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Record identifier : 568874
Personal Name - Primary Intelectual Responsibility : Kassoff, Lara Beth
Title and statement of responsibility : The effects of humor and anxiety on task performance [Thesis]
Publication, Distribution,Etc. : Fairleigh Dickinson University, 2009
Language of the Item : eng
Dissertation of thesis details and type of degree : Ph.D
Body granting the degree : , Fairleigh Dickinson University
Summary or Abstract : Two hundred seven students from undergraduate classes at Fairleigh Dickinson University participated in a study to measure the effects of humor and anxiety on task performance. Participants were randomly assigned to one of four conditions: high anxiety/humor, low anxiety/humor, high anxiety/non-humor, or low anxiety/non-humor. They began the study by completing a simple practice anagrams task, followed by a more challenging anagrams task. To manipulate anxiety levels, the high anxiety condition received a difficult list of anagrams, and was put under time pressure. The low anxiety condition consisted of easy anagrams and did not have time pressure. Students were then asked to complete the state form of State-Trait Anxiety Inventory (STAI; Spielberg et al., 1970) as a manipulation check of anxiety levels. Next, participants assigned to the humor group were asked to look at a series of humorous cartoons. The non-humor group received a similar but non-humorous set of cartoons. Finally, all participants were given four minutes to complete a word search as a final measure of task performance. After completing the word search task, participants were asked follow-up questions regarding feelings about their performance, anxiety levels, and the humor in the study. Results indicated that the humor manipulation was successful, as participants reported that they enjoyed the cartoon humor significantly more and rated the cartoons as significantly funnier than those in the non-humor conditions. Although participants in the high anxiety condition rated their anxiety on a self-report form as higher than those in the low anxiety condition, this difference was not significant. Furthermore, there were no significant effects of humor or anxiety on final task performance. Post-task questionnaire responses indicated that participants in the humor condition felt that the humor had a significantly more positive effect on their performance than those in the non-humor condition. In addition, participants in the high anxiety condition were significantly more satisfied with their performance than those in the low anxiety condition. Finally, those in the low anxiety group reported feeling significantly more stress than those in the high anxiety group. Interpretations of these findings are discussed and implications for clinical psychology are presented..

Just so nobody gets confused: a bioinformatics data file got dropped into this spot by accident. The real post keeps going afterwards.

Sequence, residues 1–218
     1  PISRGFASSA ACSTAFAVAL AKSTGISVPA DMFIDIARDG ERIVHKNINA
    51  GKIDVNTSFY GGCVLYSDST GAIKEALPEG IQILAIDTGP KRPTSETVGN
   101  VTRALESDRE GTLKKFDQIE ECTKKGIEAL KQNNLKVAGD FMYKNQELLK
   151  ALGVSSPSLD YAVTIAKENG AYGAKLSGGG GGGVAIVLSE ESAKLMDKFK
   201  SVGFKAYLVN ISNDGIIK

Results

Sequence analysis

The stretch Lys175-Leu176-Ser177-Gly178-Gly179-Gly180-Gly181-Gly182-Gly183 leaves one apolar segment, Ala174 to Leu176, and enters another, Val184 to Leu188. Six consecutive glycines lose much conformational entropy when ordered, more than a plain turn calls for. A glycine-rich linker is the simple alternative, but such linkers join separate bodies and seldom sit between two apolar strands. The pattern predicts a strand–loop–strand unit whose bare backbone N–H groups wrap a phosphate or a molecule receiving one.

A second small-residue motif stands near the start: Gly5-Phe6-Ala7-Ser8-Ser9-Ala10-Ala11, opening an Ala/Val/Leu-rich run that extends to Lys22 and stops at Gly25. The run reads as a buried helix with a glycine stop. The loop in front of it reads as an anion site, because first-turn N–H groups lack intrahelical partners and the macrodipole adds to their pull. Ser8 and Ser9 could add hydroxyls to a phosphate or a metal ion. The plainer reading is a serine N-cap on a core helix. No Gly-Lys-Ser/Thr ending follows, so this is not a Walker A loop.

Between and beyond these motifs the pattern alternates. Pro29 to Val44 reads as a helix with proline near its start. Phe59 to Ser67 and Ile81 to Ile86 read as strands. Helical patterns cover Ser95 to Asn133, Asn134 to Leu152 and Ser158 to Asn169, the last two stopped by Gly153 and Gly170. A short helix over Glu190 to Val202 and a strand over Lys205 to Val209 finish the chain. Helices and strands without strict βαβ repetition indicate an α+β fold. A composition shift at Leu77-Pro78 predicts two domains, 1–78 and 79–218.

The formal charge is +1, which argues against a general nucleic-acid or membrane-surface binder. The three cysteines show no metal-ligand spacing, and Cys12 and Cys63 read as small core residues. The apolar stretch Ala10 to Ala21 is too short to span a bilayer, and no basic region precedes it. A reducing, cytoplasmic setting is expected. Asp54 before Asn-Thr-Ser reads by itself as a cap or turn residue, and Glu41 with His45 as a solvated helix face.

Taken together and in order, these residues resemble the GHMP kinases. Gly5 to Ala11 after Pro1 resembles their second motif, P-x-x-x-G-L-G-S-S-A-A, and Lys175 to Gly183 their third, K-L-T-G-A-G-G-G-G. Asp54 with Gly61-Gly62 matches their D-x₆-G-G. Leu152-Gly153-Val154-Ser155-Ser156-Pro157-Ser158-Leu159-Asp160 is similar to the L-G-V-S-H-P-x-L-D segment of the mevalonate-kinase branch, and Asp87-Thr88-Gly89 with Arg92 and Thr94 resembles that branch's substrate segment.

Topical Name Used as Subject : Educational psychology
: Clinical psychology
Information of biblio record : TL
 
 
 
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